California Educator

September 2014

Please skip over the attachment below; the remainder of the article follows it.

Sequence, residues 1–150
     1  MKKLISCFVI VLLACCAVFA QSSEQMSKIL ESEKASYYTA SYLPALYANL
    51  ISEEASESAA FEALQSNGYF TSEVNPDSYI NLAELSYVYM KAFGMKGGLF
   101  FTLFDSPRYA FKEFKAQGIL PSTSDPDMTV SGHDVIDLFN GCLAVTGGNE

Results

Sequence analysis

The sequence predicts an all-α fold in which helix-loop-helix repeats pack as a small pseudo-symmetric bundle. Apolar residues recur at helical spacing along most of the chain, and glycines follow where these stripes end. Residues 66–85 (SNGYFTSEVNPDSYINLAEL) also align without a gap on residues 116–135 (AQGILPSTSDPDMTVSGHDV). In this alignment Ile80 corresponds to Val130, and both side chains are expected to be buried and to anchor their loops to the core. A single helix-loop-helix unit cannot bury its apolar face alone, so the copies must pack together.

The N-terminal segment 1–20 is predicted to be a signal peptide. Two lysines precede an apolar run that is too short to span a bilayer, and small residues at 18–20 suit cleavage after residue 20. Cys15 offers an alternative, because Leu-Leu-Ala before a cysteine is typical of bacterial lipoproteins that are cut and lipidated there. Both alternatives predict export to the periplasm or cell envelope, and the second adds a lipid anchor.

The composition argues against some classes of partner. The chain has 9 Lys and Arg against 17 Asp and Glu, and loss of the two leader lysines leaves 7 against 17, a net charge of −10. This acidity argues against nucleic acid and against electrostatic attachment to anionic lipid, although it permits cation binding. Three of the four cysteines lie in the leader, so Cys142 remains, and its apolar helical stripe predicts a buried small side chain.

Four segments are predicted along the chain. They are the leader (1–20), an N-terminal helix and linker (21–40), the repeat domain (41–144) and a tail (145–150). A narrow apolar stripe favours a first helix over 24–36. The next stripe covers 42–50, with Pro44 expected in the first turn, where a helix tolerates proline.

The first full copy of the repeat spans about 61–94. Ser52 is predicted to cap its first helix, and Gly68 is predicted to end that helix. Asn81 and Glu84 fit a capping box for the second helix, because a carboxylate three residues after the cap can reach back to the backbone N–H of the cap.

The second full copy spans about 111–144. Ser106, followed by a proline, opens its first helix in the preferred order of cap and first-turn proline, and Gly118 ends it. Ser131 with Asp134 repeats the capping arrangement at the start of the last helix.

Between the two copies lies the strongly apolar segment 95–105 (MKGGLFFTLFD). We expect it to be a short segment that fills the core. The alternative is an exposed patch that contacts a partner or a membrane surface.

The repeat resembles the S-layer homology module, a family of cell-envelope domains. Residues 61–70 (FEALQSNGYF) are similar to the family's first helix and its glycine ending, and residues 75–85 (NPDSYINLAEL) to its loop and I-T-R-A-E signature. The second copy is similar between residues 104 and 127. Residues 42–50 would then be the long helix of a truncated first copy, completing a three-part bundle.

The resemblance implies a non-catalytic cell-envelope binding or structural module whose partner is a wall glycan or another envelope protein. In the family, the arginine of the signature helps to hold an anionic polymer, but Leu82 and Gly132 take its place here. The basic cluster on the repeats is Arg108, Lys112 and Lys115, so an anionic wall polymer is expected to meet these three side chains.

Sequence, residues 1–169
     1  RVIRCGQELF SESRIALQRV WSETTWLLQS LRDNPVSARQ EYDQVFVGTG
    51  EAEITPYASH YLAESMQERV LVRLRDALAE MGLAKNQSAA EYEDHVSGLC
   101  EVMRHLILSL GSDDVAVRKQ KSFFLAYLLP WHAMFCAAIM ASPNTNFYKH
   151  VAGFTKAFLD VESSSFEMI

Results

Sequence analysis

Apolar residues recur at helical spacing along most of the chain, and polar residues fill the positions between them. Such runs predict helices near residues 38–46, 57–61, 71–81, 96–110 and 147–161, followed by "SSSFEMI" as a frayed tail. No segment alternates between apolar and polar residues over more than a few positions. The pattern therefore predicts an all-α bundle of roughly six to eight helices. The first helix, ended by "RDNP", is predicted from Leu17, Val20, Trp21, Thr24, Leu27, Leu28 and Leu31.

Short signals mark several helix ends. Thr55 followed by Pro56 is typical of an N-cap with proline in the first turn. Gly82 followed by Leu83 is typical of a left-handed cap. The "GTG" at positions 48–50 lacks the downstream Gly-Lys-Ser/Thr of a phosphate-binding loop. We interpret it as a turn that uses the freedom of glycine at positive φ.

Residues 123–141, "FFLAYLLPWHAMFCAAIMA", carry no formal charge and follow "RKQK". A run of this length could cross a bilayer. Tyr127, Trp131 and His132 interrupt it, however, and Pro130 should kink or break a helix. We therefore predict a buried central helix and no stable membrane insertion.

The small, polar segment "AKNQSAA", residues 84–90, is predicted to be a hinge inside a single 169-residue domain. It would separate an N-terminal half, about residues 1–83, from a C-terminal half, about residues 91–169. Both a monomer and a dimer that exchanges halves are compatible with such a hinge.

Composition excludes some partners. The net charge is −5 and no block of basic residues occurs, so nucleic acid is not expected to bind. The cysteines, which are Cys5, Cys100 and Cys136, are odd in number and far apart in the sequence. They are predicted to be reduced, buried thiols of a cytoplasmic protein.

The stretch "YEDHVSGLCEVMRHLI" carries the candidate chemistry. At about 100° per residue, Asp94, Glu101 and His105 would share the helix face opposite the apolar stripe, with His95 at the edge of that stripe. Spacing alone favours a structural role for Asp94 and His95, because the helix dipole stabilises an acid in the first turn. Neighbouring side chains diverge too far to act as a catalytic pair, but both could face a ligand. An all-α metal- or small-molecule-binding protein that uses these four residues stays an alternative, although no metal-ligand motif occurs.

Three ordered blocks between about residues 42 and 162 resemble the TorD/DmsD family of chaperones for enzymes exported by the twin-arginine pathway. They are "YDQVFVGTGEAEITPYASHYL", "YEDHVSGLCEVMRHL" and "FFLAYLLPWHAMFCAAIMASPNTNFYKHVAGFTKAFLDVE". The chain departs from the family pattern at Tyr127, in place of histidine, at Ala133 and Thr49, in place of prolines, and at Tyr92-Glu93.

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Perspectives Who can help you avoid burnout? Nelson Mandela and Desmond Tutu! By Kimberley Gilles, San Ramon Education Association, 2014 NEA Teaching Excellence Award winner T H E S C H O O L Y E A R has begun, and I feel a familiar mixture of appre- hension and anticipation. I lengthen my stride, call on the stamina I have developed over 28 years, and push into the marathon that is the school year. I know I will experience both the endorphins of the "teacher's high" and the pain of hitting the wall. I am not prepared to give up the teacher's high, but I am determined to minimize the dam- age of hitting the wall. I have experienced burnout — with sources both physical and emotional — as a result of trying to be the best teacher I know how to be, every single day. And I know I am not alone. I've read many articles about taking care of myself physically, and those articles make sense. My problem is that they haven't addressed the exhaustion in my heart and soul. Luckily, I have discovered an approach that sustains me. Ubuntu. Ubuntu, pronounced oo-BUUN-too, is a Nguni Bantu word that translates roughly to "human kindness." According to Archbishop Desmond Tutu, "A person with Ubuntu is open and available to others, affirming of others, does not feel threat- ened that others are able and good. … You can't be human all by yourself, and when you have this quality — Ubuntu — you are known for your generosity." His description sounds like most teachers I know. Nobel laureate Nelson Mandela used an example to describe Ubuntu. "A traveler through a country would stop at a village, and he didn't have to ask for food or for water. Once he stops, the people give him food and attend him. That is one aspect of Ubuntu, but it will have various aspects. Ubuntu does not mean that people should not enrich themselves. "The question is: Are you going to do so in order to enable the community around you to be able to improve?" Mandela surprised me. His description of Ubuntu includes an element I always overlook. It is embedded in Mandela's clar- ification that "Ubuntu does not mean that people should not enrich themselves." The key word is enrich. Mandela is not talking about bank accounts. In Ubuntu, being "enriched" has artistic, spiritual, emotional and intellectual elements. Mandela understands that teachers cannot be sustained if all we do is give. Dr. Liza Rankow of the OneLife Institute in Oakland said, "If I have a roof and you need a roof, Ubuntu moves me to share it. When I do, we are both lifted up." Here is the epiphany that was a revelation for me: before I can share, I must have. Before I can enrich, I must be enriched. That's the part of Ubuntu I missed and neglected. I don't think I'm alone. Let me be clear. There are wonderful things I do for myself that are just for me. There is a place in my life for good old-fashioned self-indulgence. Yes, I want the occasional "Law and Order" mara- thon and a pedicure. These luxuries are lovely, but they are not the kind of self-care that fills me up in ways that strengthen me for the tasks I shoulder as a teacher. What kind of enriching does Ubuntu encourage us to pursue? Ubuntu teaches us to take care of ourselves in ways that develop our inner reserves. It results in me taking care of myself in ways that help me be more patient, more compassionate, and more effective in in my classroom. All of this sounds a little bit woo-woo. So, let me get specific. I'll share my list! Kimberley's List of Ubuntu Enrichments 1. Deep breathing with hope — and acceptance of whatever actu- ally happens. (My personal favorite!) a) I breathe in through my nose while "seeing" an image of whatever I am hoping for: a call from my daughter, the stamina to grade five more essays thoughtfully. b) While breathing in and envisioning, I think, "Let it be." c) Then I breathe out through my mouth while releasing the picture I have just "seen." d) While breathing out, I think, "Let it go." e) Repeat and enjoy. 2. A warm shower or bath. 3. Journaling. 4. Snuggling with my dog. 5. Needlework. 6. Rereading special letters from students, parents and colleagues that I keep in a folder. (If you haven't started one, do!) 7. Writing a note of gratitude. 8. Listening to music. Try making your own list and taking care of yourself As the autumn days grow a little shorter and the evenings grow a little cooler, I wish all of us a year of creation and rest, pouring out and filling up, and the wisdom to know that these dualities are not the problems and the perks of teaching, they are the two connected wings that make each year fly. Guest column 26

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